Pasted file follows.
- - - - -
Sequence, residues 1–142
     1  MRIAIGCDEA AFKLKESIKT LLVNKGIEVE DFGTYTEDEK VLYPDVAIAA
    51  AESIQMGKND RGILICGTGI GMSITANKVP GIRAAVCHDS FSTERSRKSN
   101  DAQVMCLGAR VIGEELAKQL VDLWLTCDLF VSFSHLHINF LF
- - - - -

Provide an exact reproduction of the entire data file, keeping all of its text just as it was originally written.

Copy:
Sequence, residues 1–142
     1  MRIAIGCDEA AFKLKESIKT LLVNKGIEVE DFGTYTEDEK VLYPDVAIAA
    51  AESIQMGKND RGILICGTGI GMSITANKVP GIRAAVCHDS FSTERSRKSN
   101  DAQVMCLGAR VIGEELAKQL VDLWLTCDLF VSFSHLHINF LF